You guys are good!! You Dave, and Tom and Bruce. I haven't solved the problem yet. But I'm betting I know the answer. The coach is back in storage and I'm going to be out of town and unable to work on it for several days at least. BUT...the third "pin" down on the controller is "To Coach Battery" I have nothing going to the Coach Battery. No wires except for the main cables (+ and -).

Back several weeks, I had another thread here. My issue was that I had a bunch of disconnected wires and I was "Trying to Find My Way Back". Ultimately, I connected all the wires to the hot side of the chassis battery. I'm betting that when I trace the "to Coach Battery" wire from the Controller, it will lead to a wire I have connected to the Chassis battery. Once I trace it, I'll let you guys know.
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Old 04-28-2013, 06:06 AM   #36
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You guys are good!! You Dave, and Tom and Bruce. I haven't solved the problem yet. But I'm betting I know the answer. The coach is back in storage and I'm going to be out of town and unable to work on it for several days at least. BUT...the third "pin" down on the controller is "To Coach Battery" I have nothing going to the Coach Battery. No wires except for the main cables (+ and -).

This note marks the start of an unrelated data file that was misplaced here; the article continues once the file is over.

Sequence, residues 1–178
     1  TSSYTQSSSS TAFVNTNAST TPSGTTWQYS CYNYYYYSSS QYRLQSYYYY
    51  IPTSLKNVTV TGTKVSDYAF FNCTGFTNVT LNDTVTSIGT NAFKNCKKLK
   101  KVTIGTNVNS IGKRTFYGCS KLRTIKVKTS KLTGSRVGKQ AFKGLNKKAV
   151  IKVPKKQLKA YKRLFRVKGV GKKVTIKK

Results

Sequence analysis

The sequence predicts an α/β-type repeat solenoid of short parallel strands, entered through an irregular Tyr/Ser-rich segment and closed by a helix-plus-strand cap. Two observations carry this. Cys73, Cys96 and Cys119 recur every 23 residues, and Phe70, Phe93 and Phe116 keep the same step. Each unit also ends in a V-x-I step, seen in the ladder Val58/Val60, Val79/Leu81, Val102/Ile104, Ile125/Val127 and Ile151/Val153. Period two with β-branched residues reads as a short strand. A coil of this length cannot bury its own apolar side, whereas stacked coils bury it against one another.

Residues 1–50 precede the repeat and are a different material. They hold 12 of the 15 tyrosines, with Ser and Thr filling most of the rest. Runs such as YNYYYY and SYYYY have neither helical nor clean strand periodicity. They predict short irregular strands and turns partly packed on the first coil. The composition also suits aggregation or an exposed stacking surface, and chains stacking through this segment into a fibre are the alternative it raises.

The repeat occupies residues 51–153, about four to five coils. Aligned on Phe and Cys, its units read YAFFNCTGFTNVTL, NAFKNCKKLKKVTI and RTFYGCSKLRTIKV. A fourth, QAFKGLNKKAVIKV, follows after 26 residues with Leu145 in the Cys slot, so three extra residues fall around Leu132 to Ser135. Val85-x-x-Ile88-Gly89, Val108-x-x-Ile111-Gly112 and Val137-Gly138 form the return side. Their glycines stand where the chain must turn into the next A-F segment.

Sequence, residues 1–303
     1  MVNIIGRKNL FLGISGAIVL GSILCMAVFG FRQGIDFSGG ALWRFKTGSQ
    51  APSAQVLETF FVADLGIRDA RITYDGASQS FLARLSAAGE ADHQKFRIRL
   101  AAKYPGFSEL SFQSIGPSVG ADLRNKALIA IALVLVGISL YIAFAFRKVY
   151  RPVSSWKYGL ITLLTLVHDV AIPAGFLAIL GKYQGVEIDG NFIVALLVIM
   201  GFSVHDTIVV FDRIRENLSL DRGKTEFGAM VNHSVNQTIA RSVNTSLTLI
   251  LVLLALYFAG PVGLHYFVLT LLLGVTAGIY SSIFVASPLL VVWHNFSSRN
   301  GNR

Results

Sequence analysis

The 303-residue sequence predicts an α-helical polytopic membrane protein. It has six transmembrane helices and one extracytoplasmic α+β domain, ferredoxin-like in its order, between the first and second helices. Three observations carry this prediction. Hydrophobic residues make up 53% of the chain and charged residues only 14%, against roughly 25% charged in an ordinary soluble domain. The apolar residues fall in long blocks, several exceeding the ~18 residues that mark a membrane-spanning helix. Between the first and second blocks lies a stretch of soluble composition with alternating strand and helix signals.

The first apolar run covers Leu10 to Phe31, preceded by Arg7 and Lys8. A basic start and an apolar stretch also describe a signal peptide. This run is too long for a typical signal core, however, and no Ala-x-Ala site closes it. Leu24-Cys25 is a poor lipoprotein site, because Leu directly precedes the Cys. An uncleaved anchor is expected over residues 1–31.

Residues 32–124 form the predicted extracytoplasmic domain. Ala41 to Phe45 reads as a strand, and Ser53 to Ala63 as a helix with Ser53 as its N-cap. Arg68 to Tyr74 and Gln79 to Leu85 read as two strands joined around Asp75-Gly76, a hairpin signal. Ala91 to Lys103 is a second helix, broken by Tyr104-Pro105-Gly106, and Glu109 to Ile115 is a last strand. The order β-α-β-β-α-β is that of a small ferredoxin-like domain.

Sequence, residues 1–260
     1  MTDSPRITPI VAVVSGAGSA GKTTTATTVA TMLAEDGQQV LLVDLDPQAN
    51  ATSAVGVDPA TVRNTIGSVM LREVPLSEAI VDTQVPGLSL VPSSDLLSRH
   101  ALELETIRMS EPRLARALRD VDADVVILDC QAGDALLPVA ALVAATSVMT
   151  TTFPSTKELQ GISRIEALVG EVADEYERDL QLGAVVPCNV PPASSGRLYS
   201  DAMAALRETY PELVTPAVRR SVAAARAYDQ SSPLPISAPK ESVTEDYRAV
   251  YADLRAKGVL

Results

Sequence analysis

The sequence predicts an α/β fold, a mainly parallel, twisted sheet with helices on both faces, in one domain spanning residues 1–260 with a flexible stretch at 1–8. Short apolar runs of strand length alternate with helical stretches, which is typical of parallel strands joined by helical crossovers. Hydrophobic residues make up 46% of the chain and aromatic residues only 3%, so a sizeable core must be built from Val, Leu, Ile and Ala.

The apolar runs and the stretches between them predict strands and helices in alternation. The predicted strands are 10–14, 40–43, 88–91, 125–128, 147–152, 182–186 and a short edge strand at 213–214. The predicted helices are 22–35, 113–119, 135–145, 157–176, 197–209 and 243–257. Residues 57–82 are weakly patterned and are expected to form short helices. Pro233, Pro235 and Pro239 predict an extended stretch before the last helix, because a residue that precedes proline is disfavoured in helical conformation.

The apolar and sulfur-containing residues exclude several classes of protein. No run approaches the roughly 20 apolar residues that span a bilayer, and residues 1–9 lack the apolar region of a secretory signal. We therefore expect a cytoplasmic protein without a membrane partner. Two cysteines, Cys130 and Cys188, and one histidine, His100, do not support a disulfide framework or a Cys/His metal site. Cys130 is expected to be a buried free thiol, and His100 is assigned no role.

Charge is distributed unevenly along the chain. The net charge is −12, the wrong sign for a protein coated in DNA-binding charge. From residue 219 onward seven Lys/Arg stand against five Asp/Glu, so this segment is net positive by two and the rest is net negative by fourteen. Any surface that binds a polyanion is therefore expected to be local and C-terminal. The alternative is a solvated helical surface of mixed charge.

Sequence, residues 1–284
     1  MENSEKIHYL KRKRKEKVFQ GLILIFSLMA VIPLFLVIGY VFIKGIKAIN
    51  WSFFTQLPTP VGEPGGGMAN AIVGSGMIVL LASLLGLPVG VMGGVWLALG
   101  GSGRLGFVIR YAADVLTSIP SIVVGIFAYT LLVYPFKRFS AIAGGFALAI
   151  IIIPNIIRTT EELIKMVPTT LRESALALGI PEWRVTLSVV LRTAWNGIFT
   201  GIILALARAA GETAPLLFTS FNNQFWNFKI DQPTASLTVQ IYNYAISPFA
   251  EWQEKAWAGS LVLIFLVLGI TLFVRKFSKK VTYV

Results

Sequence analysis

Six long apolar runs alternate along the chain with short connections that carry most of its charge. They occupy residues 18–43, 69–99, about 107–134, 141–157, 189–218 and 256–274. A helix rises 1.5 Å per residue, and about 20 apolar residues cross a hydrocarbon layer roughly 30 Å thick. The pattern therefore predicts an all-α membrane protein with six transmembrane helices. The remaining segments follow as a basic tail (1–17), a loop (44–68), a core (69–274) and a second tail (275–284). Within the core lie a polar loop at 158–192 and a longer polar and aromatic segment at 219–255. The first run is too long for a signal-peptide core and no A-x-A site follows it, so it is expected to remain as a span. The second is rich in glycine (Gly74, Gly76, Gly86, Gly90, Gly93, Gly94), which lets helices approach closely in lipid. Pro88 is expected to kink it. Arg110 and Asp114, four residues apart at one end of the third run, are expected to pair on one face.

Back several weeks, I had another thread here. My issue was that I had a bunch of disconnected wires and I was "Trying to Find My Way Back". Ultimately, I connected all the wires to the hot side of the chassis battery. I'm betting that when I trace the "to Coach Battery" wire from the Controller, it will lead to a wire I have connected to the Chassis battery. Once I trace it, I'll let you guys know.
OOOOH !!!! .... sounds promising !!
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Old 04-28-2013, 06:52 AM   #37
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Now you are getting somewhere....
Did you check for coach voltage on that pin. It probably does not go back to the battery. It may just go over to the BIRD. You indicated that you had chassis and coach voltage on the BIRD. If that pin is dead, you found the problem. Jump it to the coach side of the BIRD (after making sure it isn't grounded). Did you find places for the extra wires ?